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Copyright © 2007 Pearson Education, Inc. Publishing as Pearson Addison-Wesley Slide 9- 11 Homework, Page 728 41. To complete the kinesiology requirement at Palpitation Tech, you must pass two classes chosen from aerobics, aquatics, defense arts, racket sports, recreational activities, rhythmic activities, soccer, gymnastics, and volleyball. If you decide to choose your two classes at random by drawing two class names from a box, what is the probability you will take racket sports and rhythmic activities?

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Copyright © 2007 Pearson Education, Inc. Publishing as Pearson Addison-Wesley Slide 9- 12 Homework, Page 728 Ten dimes dated 1990 through 1999 are tossed. Find the probability. 45. Heads on all ten dimes

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Copyright © 2007 Pearson Education, Inc. Publishing as Pearson Addison-Wesley Slide 9- 13 Homework, Page 728 Ten dimes dated 1990 through 1999 are tossed. Find the probability. 49. At least one head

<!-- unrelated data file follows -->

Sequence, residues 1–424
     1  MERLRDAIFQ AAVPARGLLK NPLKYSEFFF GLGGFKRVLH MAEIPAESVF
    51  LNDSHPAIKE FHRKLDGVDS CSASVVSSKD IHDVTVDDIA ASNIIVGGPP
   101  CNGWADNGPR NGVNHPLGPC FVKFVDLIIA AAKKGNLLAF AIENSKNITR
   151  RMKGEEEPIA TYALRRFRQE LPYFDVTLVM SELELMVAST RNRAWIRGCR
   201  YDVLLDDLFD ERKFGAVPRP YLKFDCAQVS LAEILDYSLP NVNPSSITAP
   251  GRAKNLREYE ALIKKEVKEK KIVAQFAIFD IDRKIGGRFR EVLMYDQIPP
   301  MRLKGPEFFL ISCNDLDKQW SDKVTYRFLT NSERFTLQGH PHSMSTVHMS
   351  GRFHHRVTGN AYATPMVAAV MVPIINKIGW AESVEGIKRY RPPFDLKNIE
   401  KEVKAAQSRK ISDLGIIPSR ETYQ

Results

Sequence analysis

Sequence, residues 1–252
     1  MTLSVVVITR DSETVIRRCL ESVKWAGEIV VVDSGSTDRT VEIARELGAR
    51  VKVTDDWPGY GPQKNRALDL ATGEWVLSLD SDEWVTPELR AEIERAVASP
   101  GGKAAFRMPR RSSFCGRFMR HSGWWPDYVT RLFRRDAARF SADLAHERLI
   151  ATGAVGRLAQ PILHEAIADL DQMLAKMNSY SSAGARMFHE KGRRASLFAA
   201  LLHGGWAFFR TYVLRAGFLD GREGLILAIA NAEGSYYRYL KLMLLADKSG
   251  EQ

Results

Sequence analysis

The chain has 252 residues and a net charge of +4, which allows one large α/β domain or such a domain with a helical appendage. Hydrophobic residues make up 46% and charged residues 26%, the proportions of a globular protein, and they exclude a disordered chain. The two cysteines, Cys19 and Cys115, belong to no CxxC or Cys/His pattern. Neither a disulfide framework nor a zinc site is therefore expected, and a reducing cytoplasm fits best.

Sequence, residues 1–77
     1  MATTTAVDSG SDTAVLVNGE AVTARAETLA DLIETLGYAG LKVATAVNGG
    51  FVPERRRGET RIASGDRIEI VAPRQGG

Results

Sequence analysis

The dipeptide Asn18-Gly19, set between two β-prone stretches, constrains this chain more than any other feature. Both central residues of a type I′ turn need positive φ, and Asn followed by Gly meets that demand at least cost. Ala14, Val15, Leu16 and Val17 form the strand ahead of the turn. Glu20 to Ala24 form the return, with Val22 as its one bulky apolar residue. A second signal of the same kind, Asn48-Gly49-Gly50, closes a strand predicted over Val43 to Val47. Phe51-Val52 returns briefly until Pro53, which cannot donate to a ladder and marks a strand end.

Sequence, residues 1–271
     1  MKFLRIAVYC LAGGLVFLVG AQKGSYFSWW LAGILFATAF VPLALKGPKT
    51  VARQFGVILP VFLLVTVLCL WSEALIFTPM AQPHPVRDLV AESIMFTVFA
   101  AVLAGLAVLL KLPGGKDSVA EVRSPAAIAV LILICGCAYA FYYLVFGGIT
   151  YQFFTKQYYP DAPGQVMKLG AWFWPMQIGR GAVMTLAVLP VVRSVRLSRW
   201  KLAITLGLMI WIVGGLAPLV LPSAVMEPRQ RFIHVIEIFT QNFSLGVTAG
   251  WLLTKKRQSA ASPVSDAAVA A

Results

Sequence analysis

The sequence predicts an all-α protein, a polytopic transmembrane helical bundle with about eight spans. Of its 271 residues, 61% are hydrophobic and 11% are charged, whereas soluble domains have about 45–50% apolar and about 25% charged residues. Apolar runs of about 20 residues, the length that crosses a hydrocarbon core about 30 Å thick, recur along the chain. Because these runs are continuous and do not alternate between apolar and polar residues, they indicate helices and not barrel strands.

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Copyright © 2007 Pearson Education, Inc. Publishing as Pearson Addison-Wesley Slide 9- 14 Homework, Page 728 53. The probability of rolling a five on a pair of fair dice is: A. B. C. D. E.

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Copyright © 2007 Pearson Education, Inc. Publishing as Pearson Addison-Wesley 9.4 Sequences

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Copyright © 2007 Pearson Education, Inc. Publishing as Pearson Addison-Wesley Slide 9- 16 What you’ll learn about Infinite Sequences Limits of Infinite Sequences Arithmetic and Geometric Sequences Sequences and Graphing Calculators … and why Infinite sequences, especially those with finite limits, are involved in some key concepts of calculus.